- photo manipulation by the coast
- Consider this a visual representation of Halifax Regional Police’s information technology strategies
If Halifax Regional Police’s information organization skills were a desk, that desk would be piled high with mismatched papers and zero-context sticky notes. There’d be a bunch of mugs, each with a crusting ring of mold forming at different heights of abandonment, and three cell phones—one encrypted, one broken and one that primarily uses Facebook messenger to communicate with colleagues. A sock, a laptop whirring under a box of unmarked evidence shoved into Ziplock baggies with a miscellaneous USB poking out of it, and probably crumbs.
Lots of crumbs.
A recent report from HRM’s auditor general, Evangeline Colman-Sadd, paints a clear picture that Halifax Regional Police is dropping the ball on managing its information technology security risks, from technological evidence to the way information is classified and stored. This comes five years after an internal audit, brought to public attention through a freedom of information request by The Coast, found HRP was dropping the ball on managing its physical evidence.
The public version of Colman-Sadd’s report doesn’t include all the information discovered in audit, as some of it is classified as in-camera–meaning problematic if discussed out in the open. The report says “given the sensitive nature of many IT topics, publicly reporting details of concerns identified could impact the safety and security of HRP operations.”
But even abridged, the audit reveals a mess in the police force. The main crux of the report looks at a security risk assessment completed in 2016-17, and how a large chunk of the recommendations from that report haven’t been implemented.
On top of being wildly slow at implementing recommendations, when presenting the risk assessment report to the Board of Police Commissioners, the Halifax Regional Police lied.
According to the audit, in 2019 HRP management told the police board that 13 of the risk assessment’s 67 recommendations were complete. But the audit found that six of those 13 were actually outstanding; one was technically not applicable instead of complete–because it was for the province to deal with; and another recommendation was marked complete when actually it was canned; leaving only five recommendations rather than 13 that were complete at the time of the presentation.
The audit also found that HRP’s lone staff person who manages the covert IT systems isn’t supervised by anyone with an IT background and has no relationship with HRP’s chief information security officer, Andrew Kozma–who, fun fact, got a $30,000 raise between 2019 and 2020🙃 and had no idea the risk assessment existed until the auditors asked him about it.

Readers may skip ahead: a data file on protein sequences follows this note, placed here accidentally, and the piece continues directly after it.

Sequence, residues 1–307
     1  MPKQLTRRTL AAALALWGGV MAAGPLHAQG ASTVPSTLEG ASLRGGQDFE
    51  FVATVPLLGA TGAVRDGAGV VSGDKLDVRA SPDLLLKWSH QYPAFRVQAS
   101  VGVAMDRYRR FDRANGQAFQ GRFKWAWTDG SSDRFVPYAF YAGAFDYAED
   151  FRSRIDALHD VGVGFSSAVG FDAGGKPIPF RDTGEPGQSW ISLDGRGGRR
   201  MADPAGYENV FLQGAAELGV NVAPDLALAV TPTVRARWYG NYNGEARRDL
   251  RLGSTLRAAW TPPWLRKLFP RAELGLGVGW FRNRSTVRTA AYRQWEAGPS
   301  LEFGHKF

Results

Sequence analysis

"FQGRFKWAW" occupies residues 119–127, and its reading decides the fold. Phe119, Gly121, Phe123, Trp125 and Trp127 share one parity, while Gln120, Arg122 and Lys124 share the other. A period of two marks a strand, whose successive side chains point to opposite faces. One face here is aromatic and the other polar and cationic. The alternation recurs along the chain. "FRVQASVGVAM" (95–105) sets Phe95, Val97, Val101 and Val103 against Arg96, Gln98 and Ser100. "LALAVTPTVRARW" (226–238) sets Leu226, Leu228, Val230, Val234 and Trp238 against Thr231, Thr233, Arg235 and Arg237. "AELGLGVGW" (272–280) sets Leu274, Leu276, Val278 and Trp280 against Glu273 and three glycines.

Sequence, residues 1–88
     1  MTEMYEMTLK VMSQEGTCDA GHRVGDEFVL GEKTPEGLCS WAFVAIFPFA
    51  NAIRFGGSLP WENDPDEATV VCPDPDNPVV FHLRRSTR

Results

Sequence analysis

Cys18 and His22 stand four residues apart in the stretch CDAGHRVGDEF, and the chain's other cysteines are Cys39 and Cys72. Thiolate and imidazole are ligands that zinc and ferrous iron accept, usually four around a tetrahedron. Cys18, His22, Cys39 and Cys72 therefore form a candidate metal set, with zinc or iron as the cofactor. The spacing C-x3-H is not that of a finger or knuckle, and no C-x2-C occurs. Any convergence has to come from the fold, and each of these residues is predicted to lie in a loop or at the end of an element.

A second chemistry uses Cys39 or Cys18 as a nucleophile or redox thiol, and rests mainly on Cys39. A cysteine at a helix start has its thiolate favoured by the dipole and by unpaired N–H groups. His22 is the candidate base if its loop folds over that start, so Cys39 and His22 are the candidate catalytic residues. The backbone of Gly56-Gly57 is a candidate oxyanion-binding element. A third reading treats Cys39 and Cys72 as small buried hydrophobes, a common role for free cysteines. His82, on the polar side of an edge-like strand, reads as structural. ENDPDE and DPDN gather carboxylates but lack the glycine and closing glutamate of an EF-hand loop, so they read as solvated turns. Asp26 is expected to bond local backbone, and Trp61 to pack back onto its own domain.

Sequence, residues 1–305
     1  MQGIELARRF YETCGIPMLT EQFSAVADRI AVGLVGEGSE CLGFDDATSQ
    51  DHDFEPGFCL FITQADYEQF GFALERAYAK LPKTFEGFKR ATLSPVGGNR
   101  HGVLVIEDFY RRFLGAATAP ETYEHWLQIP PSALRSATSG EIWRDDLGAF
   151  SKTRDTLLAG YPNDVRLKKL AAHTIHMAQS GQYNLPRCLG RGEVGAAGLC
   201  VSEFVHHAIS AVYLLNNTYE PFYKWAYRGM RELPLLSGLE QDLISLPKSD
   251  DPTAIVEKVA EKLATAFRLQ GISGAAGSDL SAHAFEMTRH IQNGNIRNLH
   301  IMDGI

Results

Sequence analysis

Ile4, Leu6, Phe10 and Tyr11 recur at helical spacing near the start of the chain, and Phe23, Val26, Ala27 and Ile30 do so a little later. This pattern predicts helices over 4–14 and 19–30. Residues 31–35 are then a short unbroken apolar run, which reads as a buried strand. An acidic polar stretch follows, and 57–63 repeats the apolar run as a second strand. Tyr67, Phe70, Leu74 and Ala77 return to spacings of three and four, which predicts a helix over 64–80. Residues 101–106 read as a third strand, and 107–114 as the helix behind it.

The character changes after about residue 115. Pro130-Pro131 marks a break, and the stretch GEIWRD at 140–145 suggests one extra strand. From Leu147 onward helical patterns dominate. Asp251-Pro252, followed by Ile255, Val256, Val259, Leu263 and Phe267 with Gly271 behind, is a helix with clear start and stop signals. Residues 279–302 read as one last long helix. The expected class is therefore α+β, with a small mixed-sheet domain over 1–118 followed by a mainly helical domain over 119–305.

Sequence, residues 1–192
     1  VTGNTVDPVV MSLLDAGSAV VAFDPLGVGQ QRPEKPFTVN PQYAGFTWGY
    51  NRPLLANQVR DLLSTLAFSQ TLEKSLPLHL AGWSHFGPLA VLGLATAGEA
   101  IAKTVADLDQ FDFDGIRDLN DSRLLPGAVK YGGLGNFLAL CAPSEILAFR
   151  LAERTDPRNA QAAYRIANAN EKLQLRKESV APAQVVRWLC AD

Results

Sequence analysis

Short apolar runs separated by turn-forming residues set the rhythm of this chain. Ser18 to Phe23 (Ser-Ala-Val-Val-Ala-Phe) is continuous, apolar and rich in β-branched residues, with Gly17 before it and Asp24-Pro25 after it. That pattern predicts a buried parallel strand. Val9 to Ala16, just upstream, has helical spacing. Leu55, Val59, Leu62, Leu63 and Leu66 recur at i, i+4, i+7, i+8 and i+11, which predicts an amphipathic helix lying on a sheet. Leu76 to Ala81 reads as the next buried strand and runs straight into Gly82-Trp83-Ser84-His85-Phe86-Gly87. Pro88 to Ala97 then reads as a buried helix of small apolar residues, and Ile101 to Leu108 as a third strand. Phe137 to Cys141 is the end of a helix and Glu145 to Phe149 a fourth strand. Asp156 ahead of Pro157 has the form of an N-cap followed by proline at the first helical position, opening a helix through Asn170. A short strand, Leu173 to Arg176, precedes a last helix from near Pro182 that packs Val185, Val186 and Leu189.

It’s true that technology has absolutely obliterated the systems all kinds of institutions used to use to keep things in order. It’s understandable that getting new systems in place takes time. But when a full-blown report on why HRP should have body-worn cameras can come together in a few short months, it’s hard to understand why other things lag for years at a time, especially when this means information and digital evidence–used to surveil and charge a disproportionate number of people of colour–is left unchecked and unaccounted for.
Where HRP has thought through changes to its IT security policies, the report highlighted that those changes are stuck in draft form, with no specific plan to bring them to fruition. A broad policy review is one of the key objectives of the Board of Police Commissioners right now, but is also an item that doesn’t have a commissioner assigned to it, which is slowing the overall work to overhaul the policies. (Police policy is evidently a touchy subject. A freedom of information request was filed by Harry Critchley on behalf of the Nova Scotia Policing Policy Working Group in August 2020 for access to HRP’s policies as they stand right now, and the request was denied on the grounds the policies would be “reputationally damning to the organization” if they were made public.)
As an example of a policy that’s missing, unclear or simply non-existent, the audit points to what happened–or didn’t happen–when work from home became a widespread reality. Instead of coming up with its own guidelines, the police defaulted to the city’s pandemic rules about what kind of information needs to be secured and how it can be accessed from home. Apparently no one thought that perhaps the HRP employee would need more security than the parks and rec coordinator.
Looking at the potential threats of the lax teleworking stance is one of the 12 recommendations laid out in the Colman-Sadd report, all of which HRP management has agreed to implement. The report says its advice doesn't necessarily require new infrastructure; more vital are new policies, and perhaps some extra money to get things done.
And in a presentation this week to Halifax’s budget committee on the subject of extra money for HRP, Tari Ajadi, a member of the Nova Scotia Policing Policy Working Group, cited the auditor general’s report. HRP has a “track record of misleading council and misleading the board of police commissioners about important topics,” Ajadi said while asking council to take seriously the calls from the community to defund and reallocate police funding. Ajadi specifically asked council to reject HRP’s request for an extra $85,000 to employ someone to look into body-worn cameras, a request that comes after the Board of Police Commissioners punted its decision on the recent pro-camera report to next year.
When council thinks about Halifax Regional Police’s funding, it’s worth asking if spending is the way to tidy up a messy desk. Or is more money just going to get lost in the mess?